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Sexual Addiction

Sex is posted everywhere in this world, on billboards, on television, online, in books and in everyday events. But what is it that makes some people crave sex more than others? And what is it that makes one’s cravings for sex considered an addiction while another’s just may be considered taboo?

Sexual addiction doesn’t affect everyone, but for those who are victim of this disorder, the reality is that relationships, emotions, health and an array of other elements in life are affected by the uncontrollable desire to take part in sexual activities that are otherwise considered off base, taboo or unhealthy.

What is Sexual Addiction?

addicted to sex

Excessively watching porn is one sign of sex addiction.

According to California State University, “a sex addict is a man or a woman whose sexual behavior (use of pornography, masturbation, fantasy, sexual and/or emotion affairs, humiliating and demand sexual behavior) is harmful to their finances, intimate relationships, careers, self-esteem and probably that of the partner as well.” People who suffer from sexual addiction are more likely to have troubles with their own relationships, with their own emotions, with their self-esteem and with their health as a result of their overcome compulsive desire to take part in sexual activities that are beyond the “norm.”

There are a number of activities that may be characterized as being that of a sexual addiction including:

  • Excessively watching pornography or masturbating to pornographic material either online, on the television or in other forms of media.
  • Being preoccupied with sexual interest or thoughts that interfere with regular thought processes or daily routines.
  • Masturbating excessively on a regular basis to a point in which such activity interferes with regular routines or responsibilities.
  • Taking part in risky or promiscuous behavior that may evolve to include serious consequences or dangers for the individual.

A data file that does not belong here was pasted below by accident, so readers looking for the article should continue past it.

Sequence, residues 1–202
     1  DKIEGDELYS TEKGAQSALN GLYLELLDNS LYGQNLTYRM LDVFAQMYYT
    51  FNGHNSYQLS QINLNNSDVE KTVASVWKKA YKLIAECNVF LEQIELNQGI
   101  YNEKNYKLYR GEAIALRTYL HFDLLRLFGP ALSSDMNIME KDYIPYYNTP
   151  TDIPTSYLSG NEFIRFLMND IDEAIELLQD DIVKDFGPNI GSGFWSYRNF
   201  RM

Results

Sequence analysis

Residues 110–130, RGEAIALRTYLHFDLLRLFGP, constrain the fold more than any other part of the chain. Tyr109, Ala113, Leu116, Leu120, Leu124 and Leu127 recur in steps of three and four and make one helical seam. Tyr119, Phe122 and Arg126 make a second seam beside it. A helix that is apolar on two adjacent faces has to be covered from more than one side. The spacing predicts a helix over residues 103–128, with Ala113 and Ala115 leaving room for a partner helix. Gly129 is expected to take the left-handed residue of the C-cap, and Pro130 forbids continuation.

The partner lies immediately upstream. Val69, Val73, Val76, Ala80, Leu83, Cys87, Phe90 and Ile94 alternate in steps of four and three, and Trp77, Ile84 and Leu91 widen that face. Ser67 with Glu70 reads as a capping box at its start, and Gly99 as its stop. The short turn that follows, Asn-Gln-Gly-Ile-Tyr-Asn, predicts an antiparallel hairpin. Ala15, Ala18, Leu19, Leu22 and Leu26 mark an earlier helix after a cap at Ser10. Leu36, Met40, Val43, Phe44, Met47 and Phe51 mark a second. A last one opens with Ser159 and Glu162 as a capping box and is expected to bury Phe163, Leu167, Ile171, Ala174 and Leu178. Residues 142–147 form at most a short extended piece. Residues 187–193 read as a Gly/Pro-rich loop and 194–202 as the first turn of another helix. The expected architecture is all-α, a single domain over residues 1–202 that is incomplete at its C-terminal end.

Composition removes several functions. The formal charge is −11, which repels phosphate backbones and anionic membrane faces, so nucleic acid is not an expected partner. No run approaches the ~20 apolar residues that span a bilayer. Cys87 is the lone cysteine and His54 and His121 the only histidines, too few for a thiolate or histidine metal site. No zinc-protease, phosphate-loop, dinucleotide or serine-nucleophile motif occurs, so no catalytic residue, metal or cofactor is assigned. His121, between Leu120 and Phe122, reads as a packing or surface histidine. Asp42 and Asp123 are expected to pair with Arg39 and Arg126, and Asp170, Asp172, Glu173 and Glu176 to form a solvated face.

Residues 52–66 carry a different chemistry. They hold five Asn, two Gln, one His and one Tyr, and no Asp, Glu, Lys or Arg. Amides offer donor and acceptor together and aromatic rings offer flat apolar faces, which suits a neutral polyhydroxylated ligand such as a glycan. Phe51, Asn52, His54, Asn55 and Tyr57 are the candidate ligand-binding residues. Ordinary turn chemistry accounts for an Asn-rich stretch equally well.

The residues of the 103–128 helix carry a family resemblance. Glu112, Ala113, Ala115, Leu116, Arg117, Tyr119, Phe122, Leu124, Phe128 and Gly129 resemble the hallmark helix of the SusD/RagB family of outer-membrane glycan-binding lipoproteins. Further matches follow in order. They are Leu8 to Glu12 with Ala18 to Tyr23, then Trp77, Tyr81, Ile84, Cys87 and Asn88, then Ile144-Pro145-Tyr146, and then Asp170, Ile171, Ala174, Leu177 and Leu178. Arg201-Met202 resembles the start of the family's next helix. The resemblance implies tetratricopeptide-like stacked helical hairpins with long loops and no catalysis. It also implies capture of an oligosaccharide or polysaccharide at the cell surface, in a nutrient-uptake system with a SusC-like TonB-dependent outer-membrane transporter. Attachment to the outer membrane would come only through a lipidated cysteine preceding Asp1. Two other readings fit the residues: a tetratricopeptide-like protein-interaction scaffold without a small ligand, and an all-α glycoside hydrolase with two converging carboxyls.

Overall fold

Generally speaking, sexual addiction will cause great interference with the individual’s life, will make relationships difficult to maintain and to keep, and often results in health problems such as STDs as a result of promiscuous sexual activity with multiple partners.

How Much of a Problem is Sex Addiction?

Many people mistakenly downplay the risks and dangers associated with being a sex addict, but for the individual who is actually suffering from the chronic and progressive condition, downplaying quickly can come to a halt as relationships are ruined, emotions are scarred and consequences are endured on a regular and forthcoming basis. According to Sexual Addiction Questions and Answers, sex addiction affects about 5% of the population. While this number may seem minute or small, the reality is that sexual addiction and related problems are growing in scope and continue to plague the lives of hundreds of thousands of people around the world.

Signs of Sexual Addiction

While clinicians have yet to list a definitive set of conditions or actions that make an individual a sex addict, there are some signs that signify unhealthy habits which could be considered dangerous or otherwise compulsive. Sex addiction can affect both men and women of virtually any age so it’s important to recognize that anyone and everyone is at risk of potentially being addicted to sex.

According to Wright State University, the following behaviors may be signs of a sexual addiction:

  • Using sex as a quick fix for problems or to mask emotions such as to cover up loneliness or anxiety or to reduce pain.
  • Using sex to relieve tension and stress.
  • Being obsessed with sex to a point in which it is dominant over the individual’s life and takes control over their actions and behaviors.
  • Devoting excessive amounts of time and energy to sex including the planning or fantasizing about sexual encounters.
  • Feeling powerless or unable to control one’s desire to have sex.
  • Feeling as if you cannot commit to your relationship with a single partner due to a desire to have multiple sex partners.
  • Feeling guilty or unhappy about your sexual encounters but continuing to take part in such encounters.
  • Having little or no satisfaction gained from sexual activities but taking part in these activities regardless of such.

Am I a Sex Addict?

There are some questions that you should ask yourself if you even think that you may possibly be a sex addict. If you answer yes to any or all of the following questions, consider seeking help for sexual addiction as you may be suffering from a legitimate impulse control disorder: